Sunday, October 29, 2006

vega beta

And just when I was questioning the notion of physicality at a concert, I wound up at PS1's Music is a Better Noise opening, with Alan Vega playing live. Now Vega's schtick is old, old like Iggy Pop, like the Dolls, arising out of the early 70s scene and based on confrontational rants. As I'm standing near Nibs, I express my fears that Alan Vega may actually be bald, his scully cap actually containing a dark mullet stitched into its seams. Today, even as his body no longer stands up to the strain of flinging himself into that most dreadful see, the audience, Vega does like he always does, rants and conjures breath, revels in his voice bouncing off the physical entrapment of the space, of the stage. In a way, it reminds me of another NYC noise-maker/ performance artist, Charlemagne Palestine, who is known more for his suspended dream-baby drones now (due to a slew of reissues on Baroni, Alga Marghen, and others) rather than his early performances of shaping notes in his throat and then flinging himself against walls or hardwood floors, the impact changing the sound. Similarly, Vega's painful to listen to, and almost everybody rolls eyes as his distorted, echoing caws grow in intensity, though only leading to the B-Boy slogan: "Fight for your right!" he squawks, leading to crowd titters. Or maybe it's a Flavor Flav joke now.

I tell one girl that it's like drawing a scalding hot bath, painful to dip into, yet soothing once you've slipped in, but she replies, "It's never too hot." Okay then, it's like prison sex with a duct tape condom, awful and yet --like former Texas governor Clayton Williams once said about being raped-- "as long as it's inevitable, you might as well lie back and enjoy it." It helps that Vega mumbles something about Bruce Springsteen before launching into "Dream Baby Dream," attaining such an edgy though relaxed state.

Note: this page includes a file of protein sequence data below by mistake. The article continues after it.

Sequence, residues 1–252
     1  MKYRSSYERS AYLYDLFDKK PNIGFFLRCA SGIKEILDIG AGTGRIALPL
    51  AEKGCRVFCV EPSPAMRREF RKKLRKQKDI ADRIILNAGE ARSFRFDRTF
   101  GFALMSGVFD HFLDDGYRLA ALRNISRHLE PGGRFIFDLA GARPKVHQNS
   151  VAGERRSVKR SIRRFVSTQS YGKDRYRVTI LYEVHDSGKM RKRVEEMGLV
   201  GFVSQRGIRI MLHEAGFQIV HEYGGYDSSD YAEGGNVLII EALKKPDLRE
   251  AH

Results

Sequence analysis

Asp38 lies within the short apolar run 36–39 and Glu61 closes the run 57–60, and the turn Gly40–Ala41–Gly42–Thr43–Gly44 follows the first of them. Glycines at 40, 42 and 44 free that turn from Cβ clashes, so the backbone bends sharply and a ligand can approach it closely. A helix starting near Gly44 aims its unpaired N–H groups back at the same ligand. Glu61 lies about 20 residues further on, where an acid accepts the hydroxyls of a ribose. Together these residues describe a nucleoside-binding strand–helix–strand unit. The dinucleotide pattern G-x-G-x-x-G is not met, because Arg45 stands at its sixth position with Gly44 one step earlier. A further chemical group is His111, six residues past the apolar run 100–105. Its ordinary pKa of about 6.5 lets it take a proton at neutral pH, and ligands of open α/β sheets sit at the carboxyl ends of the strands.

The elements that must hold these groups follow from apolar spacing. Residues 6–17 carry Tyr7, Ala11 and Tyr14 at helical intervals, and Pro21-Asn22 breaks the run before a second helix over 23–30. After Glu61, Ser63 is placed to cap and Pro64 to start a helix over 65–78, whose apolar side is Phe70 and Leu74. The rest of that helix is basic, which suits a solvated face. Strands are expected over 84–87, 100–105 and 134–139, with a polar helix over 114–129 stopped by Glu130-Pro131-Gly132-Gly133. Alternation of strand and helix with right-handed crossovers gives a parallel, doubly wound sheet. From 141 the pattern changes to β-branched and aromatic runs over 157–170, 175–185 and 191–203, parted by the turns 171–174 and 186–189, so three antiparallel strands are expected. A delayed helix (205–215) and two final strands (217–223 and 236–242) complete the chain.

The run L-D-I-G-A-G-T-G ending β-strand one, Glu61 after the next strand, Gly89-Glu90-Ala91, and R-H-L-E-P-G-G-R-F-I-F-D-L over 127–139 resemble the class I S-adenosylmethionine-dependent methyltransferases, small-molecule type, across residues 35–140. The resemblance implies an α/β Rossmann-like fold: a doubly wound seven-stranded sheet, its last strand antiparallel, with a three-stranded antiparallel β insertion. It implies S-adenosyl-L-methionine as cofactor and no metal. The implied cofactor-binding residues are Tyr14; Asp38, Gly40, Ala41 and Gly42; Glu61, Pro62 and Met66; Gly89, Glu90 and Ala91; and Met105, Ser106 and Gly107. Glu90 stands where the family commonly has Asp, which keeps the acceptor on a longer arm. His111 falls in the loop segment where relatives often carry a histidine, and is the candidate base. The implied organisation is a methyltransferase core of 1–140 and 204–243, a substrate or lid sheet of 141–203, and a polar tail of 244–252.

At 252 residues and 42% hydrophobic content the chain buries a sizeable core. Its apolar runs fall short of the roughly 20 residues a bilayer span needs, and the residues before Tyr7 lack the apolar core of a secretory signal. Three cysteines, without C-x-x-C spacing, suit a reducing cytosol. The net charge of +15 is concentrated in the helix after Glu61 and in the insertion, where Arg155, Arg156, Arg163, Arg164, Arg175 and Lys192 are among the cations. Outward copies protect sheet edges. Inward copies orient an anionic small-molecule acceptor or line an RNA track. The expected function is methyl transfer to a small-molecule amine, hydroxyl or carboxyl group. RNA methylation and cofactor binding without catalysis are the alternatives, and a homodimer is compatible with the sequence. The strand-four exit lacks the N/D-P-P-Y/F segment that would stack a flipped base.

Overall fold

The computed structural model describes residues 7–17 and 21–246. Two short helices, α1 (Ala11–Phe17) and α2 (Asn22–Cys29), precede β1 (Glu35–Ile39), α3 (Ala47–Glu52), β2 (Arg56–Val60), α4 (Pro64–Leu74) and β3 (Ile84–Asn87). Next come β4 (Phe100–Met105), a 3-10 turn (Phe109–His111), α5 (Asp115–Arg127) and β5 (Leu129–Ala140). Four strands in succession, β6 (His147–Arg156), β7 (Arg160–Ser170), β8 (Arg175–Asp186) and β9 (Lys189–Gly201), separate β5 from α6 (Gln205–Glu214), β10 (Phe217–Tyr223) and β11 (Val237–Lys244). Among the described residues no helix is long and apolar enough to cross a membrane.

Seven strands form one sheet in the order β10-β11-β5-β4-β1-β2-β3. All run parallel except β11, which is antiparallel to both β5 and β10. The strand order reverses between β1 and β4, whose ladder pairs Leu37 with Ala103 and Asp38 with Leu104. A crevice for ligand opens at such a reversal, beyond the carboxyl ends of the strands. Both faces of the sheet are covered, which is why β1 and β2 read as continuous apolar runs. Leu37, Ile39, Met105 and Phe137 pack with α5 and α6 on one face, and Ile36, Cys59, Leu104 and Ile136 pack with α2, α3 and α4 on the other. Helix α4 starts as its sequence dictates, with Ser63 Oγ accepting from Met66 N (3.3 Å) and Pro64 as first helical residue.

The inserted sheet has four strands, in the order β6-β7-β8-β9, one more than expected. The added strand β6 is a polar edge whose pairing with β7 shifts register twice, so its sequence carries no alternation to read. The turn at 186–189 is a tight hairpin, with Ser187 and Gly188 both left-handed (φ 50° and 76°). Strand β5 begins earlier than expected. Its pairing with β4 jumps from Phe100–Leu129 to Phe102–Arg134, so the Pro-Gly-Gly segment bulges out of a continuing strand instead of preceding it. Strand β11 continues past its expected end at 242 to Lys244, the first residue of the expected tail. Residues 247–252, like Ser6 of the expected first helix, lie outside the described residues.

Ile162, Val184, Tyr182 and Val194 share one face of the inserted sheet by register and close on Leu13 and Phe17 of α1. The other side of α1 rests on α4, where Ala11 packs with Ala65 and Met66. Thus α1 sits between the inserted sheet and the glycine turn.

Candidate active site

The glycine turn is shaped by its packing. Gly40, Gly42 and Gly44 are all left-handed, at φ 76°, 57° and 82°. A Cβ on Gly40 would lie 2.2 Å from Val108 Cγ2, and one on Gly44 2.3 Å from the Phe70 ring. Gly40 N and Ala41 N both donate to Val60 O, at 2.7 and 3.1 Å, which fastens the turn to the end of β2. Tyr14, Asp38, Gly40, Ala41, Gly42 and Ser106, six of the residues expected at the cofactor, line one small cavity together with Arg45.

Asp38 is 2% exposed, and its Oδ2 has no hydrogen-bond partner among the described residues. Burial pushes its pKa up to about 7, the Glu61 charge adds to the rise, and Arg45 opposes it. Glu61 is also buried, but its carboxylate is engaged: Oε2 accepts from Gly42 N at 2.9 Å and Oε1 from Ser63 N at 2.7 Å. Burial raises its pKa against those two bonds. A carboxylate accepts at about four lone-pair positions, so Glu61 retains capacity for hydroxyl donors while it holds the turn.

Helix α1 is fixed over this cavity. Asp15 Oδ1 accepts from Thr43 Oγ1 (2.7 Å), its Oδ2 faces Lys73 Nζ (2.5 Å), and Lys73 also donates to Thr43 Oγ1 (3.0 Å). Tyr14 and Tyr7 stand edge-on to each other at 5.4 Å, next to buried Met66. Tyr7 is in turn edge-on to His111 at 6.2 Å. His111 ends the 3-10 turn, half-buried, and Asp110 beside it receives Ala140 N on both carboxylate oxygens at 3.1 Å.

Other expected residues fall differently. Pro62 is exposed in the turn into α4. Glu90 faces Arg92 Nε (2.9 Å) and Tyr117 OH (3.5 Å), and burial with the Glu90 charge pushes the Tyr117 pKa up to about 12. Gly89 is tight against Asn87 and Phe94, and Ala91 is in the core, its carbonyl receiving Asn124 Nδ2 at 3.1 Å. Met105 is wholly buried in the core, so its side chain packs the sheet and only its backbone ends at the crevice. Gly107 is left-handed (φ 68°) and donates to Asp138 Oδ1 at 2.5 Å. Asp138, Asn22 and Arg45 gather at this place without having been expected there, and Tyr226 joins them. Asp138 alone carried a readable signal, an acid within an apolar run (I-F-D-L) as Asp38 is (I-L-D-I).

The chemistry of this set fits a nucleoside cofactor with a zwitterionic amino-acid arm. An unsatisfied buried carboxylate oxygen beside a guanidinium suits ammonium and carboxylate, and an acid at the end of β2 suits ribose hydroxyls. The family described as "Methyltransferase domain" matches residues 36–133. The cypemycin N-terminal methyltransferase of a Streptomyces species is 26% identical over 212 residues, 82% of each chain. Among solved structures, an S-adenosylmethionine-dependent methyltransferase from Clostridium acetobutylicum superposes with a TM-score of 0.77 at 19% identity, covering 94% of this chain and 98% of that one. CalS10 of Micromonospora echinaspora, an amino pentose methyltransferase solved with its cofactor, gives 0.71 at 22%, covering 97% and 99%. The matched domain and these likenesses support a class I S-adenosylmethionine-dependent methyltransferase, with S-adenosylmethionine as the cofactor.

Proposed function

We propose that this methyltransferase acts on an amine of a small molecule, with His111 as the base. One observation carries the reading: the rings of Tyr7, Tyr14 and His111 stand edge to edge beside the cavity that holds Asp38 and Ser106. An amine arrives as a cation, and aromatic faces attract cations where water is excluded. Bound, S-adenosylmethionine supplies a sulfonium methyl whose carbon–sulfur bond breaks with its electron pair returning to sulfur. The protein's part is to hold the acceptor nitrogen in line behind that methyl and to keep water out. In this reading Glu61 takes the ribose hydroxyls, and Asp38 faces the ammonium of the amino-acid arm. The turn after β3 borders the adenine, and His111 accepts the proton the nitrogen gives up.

Next, we are led outside to watch a video from the K Foundation, yet another Bill Drummond project from his glory days in The KLF, this one about their public stunt burning a million pounds. Stephen O'Malley, almost naked sans his SUNN O)))) robe, hides behind a bank of eight amps. The DVD starts, and the 1995 shoot is tedious indeed. Who woulda thought that burning "a million quid" would be so boring? Jeff from Excepter leans in and whispers one word, "Work." To make that money? To un-rubberband it all? To crouch in front of that hungry fire and dump in fistfuls of dollars? To stand and listen to O'Malley fart around on a Moog? Yes. The 8 amps set-up is as ludicrous, as is the act of burning paper money, and nothing worth a shit is happening, to the point where I start to call "Bull Shit!" on the whole endeavor.

It's then that the sound of those words gets stuck in my throat. O'Malley doesn't hit the brown note per se, but he elevates into that register, the chilly autumnal air turned into a clear aspic. Ribs begin to fibrillate, all of our voices chopped and screwed as if we are yelling in front of some god's summertime fan, rattling in our necks and making everything sound funny. The vibrations also kill the DVD player. The massage continues unabated as they have to reset the K Foundation movie. Myself and a few others continue to howl along inside the thick air, reveling in the sound of our voices getting throttled out of us.